Former National Guardsmen: Tim Walz Is Misleading The Public About His Time In Service

Photo courtesy Tim Walz For Governor

Tim Walz often refers to his military service as he campaigns for governor of Minnesota. However, former members of the Minnesota National Guard are raising concerns over the discrepancies in Walz’s story, saying he is misleading the public on his service.

“Tim Walz has embellished and selectively omitted facts and circumstances of his military career for years,” said Thomas Behrends, a retired Command Sergeant Major of the Minnesota National Guard.

Walz, 54, joined the Army National Guard when he was 17 years old, completing 20 years of service. In 2001, just days after the 9/11 terrorist attacks, Walz re-enlisted in the Minnesota Army National Guard. He then retired in 2005 to run for Congress.

Behrends says Walz did serve a “long and honorable career,” but it is Walz’s stories surrounding his service post 9/11 that raises red flags.

The discrepancies in Walz’s story starts with how long he re-enlisted for. In 2006, as Walz was amid his first campaign for Congress, questions were raised about the timing of Walz’s retirement. Tom Hagen, a Minnesota military reservist who served in Iraq, sent a letter to the editor of The Winona Daily News questioning Walz’s sudden retirement after learning his unit would be deployed to Iraq.

“But even more disturbing is the fact that Walz quickly retired after learning that his unit —southern Minnesota’s 1-125 FA Battalion — would be sent to Iraq,” Hagen wrote. “For Tim Walz to abandon his fellow soldiers and quit when they needed experienced leadership most is disheartening. It dishonors those brave American men and women who did answer their nation’s call and who continue to serve, fight and unfortunately die in harm’s way for us.”

Walz was quick to respond to the letter, writing a follow up in The Winona Daily News that criticized Hagen for what Walz considered a “partisan political attack.” In his response, Walz claimed he re-enlisted for four additional years, implying his retirement was unrelated to the news of the deployment.

“After completing 20 years of service in 2001, I re-enlisted to serve our country for an additional four years following Sept. 11 and retired the year before my battalion was deployed to Iraq in order to run for Congress,” Walz wrote.

However, official documents from the National Guard contradict Walz’s story. According to Walz’s Report of Separation and Military Service form, Walz re-enlisted for six years, with his service obligation being complete on September 18, 2007.

According to Behrends, Walz’s battalion received a warning order to prepare to be mobilized for active duty for a deployment to Iraq in early 2005. On May 16, 2005, Walz retired, leaving his battalion and its soldiers without a key leader as they prepared to go to war.

Even if Walz did re-enlist for 4 years, he still retired months before his obligation was complete, Behrends noted, adding that it furthers the belief that Walz retired to avoid deployment.

Behrends ended up taking Walz’s place, and the battalion was deployed to Iraq for over 22 months from 2006 to 2007.

Tony Wenzel, a retired Platoon Sergeant for the Minnesota Army National Guard, said he “could never vote for Tim Walz as our Governor, when he abandoned his fellow soldiers like he did.”

“It sickens me to realize that Tim Walz, in the face of being deployed to Iraq, would quit,” Wenzel said. “When the going looked tough, he bolted. Good soldiers don’t do that.”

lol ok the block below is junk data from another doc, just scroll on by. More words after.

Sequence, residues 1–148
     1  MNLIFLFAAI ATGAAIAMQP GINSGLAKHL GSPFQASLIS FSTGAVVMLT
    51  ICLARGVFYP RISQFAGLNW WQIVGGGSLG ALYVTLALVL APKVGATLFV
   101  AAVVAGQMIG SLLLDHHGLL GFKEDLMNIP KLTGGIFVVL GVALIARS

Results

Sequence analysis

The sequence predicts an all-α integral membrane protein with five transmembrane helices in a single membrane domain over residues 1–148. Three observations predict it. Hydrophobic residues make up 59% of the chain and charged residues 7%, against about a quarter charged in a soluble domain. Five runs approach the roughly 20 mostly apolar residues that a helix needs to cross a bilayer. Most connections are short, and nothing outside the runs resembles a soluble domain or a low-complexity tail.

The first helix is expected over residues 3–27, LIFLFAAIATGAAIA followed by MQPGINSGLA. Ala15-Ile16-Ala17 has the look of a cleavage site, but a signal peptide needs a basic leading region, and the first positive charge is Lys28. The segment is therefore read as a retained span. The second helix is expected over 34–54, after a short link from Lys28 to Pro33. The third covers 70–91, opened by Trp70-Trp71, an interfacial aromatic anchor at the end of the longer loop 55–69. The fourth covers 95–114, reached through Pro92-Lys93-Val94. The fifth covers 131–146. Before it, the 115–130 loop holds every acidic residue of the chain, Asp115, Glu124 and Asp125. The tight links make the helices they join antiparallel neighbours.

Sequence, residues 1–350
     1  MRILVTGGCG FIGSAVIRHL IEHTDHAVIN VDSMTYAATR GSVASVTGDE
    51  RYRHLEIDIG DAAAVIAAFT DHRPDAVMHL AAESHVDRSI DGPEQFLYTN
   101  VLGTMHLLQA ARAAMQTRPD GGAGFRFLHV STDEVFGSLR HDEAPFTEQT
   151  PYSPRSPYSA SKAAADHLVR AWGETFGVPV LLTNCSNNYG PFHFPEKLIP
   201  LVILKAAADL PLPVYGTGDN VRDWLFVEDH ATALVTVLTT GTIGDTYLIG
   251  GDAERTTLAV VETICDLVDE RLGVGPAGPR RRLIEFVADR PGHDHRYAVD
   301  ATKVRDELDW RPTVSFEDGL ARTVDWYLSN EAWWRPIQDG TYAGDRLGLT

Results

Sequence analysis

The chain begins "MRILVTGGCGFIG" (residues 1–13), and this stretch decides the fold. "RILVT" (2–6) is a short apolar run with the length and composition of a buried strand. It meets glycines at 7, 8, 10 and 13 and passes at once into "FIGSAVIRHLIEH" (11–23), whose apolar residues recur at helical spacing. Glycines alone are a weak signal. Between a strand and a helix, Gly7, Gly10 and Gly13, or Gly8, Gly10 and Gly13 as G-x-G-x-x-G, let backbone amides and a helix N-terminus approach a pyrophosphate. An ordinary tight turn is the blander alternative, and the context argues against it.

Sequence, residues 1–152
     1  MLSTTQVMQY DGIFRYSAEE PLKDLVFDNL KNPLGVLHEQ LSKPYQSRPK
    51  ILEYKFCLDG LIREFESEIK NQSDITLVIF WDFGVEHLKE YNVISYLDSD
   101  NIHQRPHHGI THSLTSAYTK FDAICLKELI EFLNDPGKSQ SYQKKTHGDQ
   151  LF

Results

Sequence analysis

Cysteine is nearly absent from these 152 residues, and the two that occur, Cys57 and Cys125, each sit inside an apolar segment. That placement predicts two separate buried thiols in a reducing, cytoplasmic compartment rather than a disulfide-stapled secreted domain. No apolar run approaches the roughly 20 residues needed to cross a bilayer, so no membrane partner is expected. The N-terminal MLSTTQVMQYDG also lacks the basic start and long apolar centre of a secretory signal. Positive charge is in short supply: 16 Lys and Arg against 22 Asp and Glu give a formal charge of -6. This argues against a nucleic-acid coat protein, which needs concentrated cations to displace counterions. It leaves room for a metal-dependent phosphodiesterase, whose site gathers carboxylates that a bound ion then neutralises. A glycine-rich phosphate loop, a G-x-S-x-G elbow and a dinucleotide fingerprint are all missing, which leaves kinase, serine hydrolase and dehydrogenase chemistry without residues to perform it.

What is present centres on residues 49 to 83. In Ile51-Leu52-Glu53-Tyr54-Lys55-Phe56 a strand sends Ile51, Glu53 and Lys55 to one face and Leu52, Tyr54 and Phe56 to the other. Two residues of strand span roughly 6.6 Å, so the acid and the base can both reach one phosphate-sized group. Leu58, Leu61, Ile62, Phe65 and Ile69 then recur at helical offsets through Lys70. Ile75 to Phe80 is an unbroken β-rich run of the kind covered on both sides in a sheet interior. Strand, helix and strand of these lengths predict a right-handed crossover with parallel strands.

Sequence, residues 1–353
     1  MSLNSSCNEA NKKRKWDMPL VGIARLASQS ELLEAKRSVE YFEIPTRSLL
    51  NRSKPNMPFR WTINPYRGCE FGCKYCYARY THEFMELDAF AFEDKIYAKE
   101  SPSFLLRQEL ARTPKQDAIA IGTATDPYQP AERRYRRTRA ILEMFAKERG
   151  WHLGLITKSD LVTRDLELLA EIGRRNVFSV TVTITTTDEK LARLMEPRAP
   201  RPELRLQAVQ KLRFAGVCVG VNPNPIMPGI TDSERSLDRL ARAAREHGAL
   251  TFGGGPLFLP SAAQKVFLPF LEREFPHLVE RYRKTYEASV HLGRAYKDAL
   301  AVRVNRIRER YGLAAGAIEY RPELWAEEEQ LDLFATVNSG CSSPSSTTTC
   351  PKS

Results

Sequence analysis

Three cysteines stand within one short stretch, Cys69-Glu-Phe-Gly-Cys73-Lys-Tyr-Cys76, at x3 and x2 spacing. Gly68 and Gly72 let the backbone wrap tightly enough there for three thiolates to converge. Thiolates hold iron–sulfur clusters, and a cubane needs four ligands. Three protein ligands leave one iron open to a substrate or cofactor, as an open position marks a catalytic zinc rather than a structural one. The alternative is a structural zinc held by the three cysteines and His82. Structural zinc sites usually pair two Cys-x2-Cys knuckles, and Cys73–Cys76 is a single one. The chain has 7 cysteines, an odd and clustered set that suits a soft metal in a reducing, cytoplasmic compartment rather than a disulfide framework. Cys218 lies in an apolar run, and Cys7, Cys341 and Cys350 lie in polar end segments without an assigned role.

Alpha News reached out to the Walz campaign for clarification on the inconsistencies in Walz’s story in comparison to the official documents. The campaign would not answer questions on the duration of Walz’s reenlistment.

Behrends also called into question Walz’s use of the title of command sergeant major. Before his sudden retirement, Walz was conditionally promoted to command sergeant major. However, Walz left the military before completing necessary training and service. His discharge documents show he was reduced in rank, retiring as a master sergeant. Despite this, Walz still uses the title of command sergeant major.

While National Guard officials have said it is technically acceptable for Walz to use the title given that he did serve in the role, the former guardsmen Alpha News spoke with considered the continued use of the title as a further attempt to mislead the public on Walz’s service.

“Tim Walz was reduced in rank to Master Sergeant and that is what he will receive retirement benefits for,” Wenzel said. “Walz lied in his campaign literature that he retired as a Command Sergeant Major. Not true.”

Alpha News also reached out to the Walz campaign regarding Walz’s service as a command sergeant major, and why he continues to use the title despite retiring as a master sergeant. The campaign did not respond.

In an open letter posted to social media, Behrends and fellow retired Command Sergeant Major Paul Herr detailed the discrepancies in Walz’s story surrounding his service, saying it is all “gut wrenching and sad to explain.”

“When the nation called, he quit,” Behrends and Herr wrote. “He failed to complete the United States Army Sergeants Major Academy. He failed to serve for two years following completion of the academy, which he dropped out of. He failed to serve two years after the conditional promotion to Command Sergeant Major. He failed to fulfill the full six years of the enlistment he signed on September 18th, 2001. He failed his country. He failed his state. He failed the Minnesota Army National Guard, the 1-125th Field Artillery Battalion, and his fellow Soldiers. And he failed to lead by example. On top of that he failed to uphold the seven Army Values: Loyalty, Duty, Respect, Selfless-Service, Honor, Integrity, and Personal Courage.”

Read the full letter here.

Christine Bauman
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